clock menu more-arrow no yes

Filed under:

Best New Apps: Hyperlapse

New, 29 comments

Speed up time with this simple new video app

If you buy something from a Verge link, Vox Media may earn a commission. See our ethics statement.

Instagram might be best known as an endless stream of pictures of your friends' meals, but its new standalone video app Hyplerlapse aims to change that. It's a dead simple way to create time-lapse videos accompanied by an outstanding built-in image stabilization algorithm that can make shaky videos look steady enough you might think they were filmed with a professional rig. It just takes one tap to start recording, lets you pick your playback speed after, and easily shares your video to Instagram and Facebook.

The easiest way to make a time-lapse on your iPhone

With few controls, the creativity really comes from how you use Hyperlapse. The best ones so far tend to fall into three categories. First is the typical timelapse, where the camera is stationary and lets a subject (or subjects) move around in the scene. Second are the videos that show movement along a path, which is where Hyperlapse's stabilization really shines. These videos, done right, give the viewer the feeling that their zipping through the same scene, or tell a story with a clear beginning and end. The third combines the subject focus with movement, like following a dancing friend through an airport.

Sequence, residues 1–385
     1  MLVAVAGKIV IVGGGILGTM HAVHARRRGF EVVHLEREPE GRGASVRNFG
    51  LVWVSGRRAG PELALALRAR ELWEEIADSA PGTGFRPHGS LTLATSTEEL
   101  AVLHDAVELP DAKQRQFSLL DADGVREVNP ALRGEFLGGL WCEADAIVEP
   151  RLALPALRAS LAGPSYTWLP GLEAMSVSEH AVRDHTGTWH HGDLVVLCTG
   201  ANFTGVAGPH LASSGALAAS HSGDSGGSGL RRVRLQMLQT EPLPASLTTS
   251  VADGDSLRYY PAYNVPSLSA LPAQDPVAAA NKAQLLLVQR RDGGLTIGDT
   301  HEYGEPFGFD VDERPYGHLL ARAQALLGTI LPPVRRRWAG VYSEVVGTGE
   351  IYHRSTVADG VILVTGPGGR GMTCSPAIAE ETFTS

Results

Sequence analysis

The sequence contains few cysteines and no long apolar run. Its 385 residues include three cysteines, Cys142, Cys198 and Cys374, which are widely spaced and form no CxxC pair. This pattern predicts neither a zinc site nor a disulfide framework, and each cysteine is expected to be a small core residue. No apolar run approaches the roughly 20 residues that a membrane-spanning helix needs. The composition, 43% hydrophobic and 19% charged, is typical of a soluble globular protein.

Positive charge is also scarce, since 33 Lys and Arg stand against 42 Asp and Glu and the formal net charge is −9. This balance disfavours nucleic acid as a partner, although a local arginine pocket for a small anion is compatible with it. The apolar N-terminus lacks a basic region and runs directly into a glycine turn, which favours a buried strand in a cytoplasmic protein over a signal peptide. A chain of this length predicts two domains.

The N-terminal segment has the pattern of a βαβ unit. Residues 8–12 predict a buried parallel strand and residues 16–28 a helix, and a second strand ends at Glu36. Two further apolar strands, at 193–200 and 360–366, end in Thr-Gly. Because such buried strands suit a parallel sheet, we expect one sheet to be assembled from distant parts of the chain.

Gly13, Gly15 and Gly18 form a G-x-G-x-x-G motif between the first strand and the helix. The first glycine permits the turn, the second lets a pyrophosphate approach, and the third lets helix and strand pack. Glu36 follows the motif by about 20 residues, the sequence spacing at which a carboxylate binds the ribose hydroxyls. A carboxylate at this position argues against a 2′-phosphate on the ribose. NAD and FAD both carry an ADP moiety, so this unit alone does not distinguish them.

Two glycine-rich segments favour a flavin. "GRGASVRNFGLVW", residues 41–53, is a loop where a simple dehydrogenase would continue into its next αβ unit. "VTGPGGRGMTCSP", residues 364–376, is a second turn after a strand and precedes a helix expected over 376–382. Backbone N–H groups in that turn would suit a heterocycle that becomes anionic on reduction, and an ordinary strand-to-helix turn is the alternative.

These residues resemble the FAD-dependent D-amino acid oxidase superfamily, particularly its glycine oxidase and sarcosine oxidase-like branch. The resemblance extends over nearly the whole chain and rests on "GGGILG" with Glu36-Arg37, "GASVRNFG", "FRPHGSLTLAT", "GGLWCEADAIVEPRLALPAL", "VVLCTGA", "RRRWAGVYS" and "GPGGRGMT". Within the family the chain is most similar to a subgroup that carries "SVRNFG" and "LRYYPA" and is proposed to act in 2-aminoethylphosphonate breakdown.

Though most of the Hyperlapse videos so far have been shared to Instagram (over 30,000 at the moment), other platforms are filling up with them as well, and each with their own style. The ones being uploaded to Vimeo tend to have multiple clips edited together, often in conjunction with other video apps like Cameo for titles and effects. Facebook is full of brand pages (such as FOX Sports and Sonic) taking advantage of the app to put a new spin on their mobile videos. Typically unfiltered, raw, rectangular Hyperlapse videos are being uploaded to YouTube, laid out both in landscape and portrait modes.

The biggest problem right now (aside from iOS exclusivity) is the poor compression quality of many of the videos, specifically the ones with a lot going on in the frame, but if Instagram has proven anything over the years it's that quality can often take a back seat when it comes to determining what's popular on the social imaging app. Hyperlapse does nothing that other third-party apps haven't tried to do before, but Instagram's simple approach and easy integration have started another craze. Download it for free for iPhone.